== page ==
Primary care referral to multidisciplinary high risk foot services - too few, too late
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Authors: Plusch,D.;Penkala,S.;Dickson,H. G.;Malone,M.
Publication: Journal of foot and ankle research
Start Page: 62
BACKGROUND: To determine if patients with no contact with a multi-disciplinary team High Risk Foot Service (MDT-HRFS) had an increased rate of hospital admission for diabetes foot infection compared to patients with contact. Secondary aims were to report on clinical outcomes.
METHODS: A retrospective study was conducted at a major tertiary referral hospital in metropolitan Sydney over 12 months. An ICD-10 search of the electronic medical record system and paper medical charts identified patients with diabetes mellitus (type 1 or type 2) and a primary admission for diabetes foot infection (DFI). Patients were categorised as having contact or no contact with an MDT-HRFS.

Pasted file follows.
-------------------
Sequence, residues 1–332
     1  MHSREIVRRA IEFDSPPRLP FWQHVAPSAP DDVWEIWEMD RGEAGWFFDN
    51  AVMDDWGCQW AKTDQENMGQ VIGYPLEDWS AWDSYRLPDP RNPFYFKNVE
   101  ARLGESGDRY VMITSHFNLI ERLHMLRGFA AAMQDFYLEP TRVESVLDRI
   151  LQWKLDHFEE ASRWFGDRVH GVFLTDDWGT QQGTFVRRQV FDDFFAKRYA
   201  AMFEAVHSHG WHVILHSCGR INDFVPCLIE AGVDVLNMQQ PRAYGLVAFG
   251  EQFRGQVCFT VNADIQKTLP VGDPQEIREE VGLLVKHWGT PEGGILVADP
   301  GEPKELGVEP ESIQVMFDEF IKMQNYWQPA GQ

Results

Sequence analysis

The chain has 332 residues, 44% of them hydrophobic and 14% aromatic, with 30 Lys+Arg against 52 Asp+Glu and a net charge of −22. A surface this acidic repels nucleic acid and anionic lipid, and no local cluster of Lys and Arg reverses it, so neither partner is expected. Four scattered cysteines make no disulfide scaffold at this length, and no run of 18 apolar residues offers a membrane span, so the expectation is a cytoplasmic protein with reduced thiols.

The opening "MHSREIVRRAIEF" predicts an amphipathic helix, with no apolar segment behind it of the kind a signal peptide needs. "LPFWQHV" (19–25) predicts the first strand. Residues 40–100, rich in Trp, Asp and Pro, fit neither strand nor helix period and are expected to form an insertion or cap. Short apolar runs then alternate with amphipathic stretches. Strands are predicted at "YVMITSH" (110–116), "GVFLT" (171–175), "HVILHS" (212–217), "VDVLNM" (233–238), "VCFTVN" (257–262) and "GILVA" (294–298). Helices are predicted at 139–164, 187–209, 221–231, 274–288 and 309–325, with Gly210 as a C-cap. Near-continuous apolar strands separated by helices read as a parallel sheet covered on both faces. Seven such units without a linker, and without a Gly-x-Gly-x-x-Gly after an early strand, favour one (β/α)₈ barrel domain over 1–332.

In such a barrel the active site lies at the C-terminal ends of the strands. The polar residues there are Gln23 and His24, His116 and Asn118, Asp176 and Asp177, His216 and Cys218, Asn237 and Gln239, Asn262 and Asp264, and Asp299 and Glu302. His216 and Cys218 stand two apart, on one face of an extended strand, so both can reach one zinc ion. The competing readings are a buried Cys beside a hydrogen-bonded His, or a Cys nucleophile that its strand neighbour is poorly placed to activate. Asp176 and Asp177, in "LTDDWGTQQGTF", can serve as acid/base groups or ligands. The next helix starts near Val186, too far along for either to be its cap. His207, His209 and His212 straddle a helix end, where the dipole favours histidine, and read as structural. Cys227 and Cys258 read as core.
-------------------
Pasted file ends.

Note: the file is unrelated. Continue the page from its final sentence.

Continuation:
RESULTS: One hundred ninety-six hospital admissions (156 patients) were identified with DFI over a 12-month period. Patients with no contact with a MDT-HRFS represented three quarters of admissions (no contact = 116, 74.7 % vs. contact = 40, 25.6 %, p = 0.0001) and presented with more severe infection (no contact = 39 vs. contact = 12). The odds of lower extremity amputation increased five-fold when both no contact and severe infection occurred in combination (no contact with severe infection and amputation = 34, 82.9 % vs. contact with severe infection and amputation = 7, 17.1 %, OR 4.9, 95 % CI 1.1-21.4, p = 0.037). Using estimates of both the contact and no contact population of people with diabetes and high-risk feet and assuming the risk of amputation was the same, than the number of expected amputations in the no contact group should have been 55, however the observed number was 77, 22 more than expected (p = 0.0001).
CONCLUSIONS: Patients with no contact with a MDT-HRFS represented the majority of admissions for DFIs to a tertiary referral hospital. This group on population estimates appears to be at high risk of amputation of the lower extremity and therefore early referral of this high-risk group might lower this risk.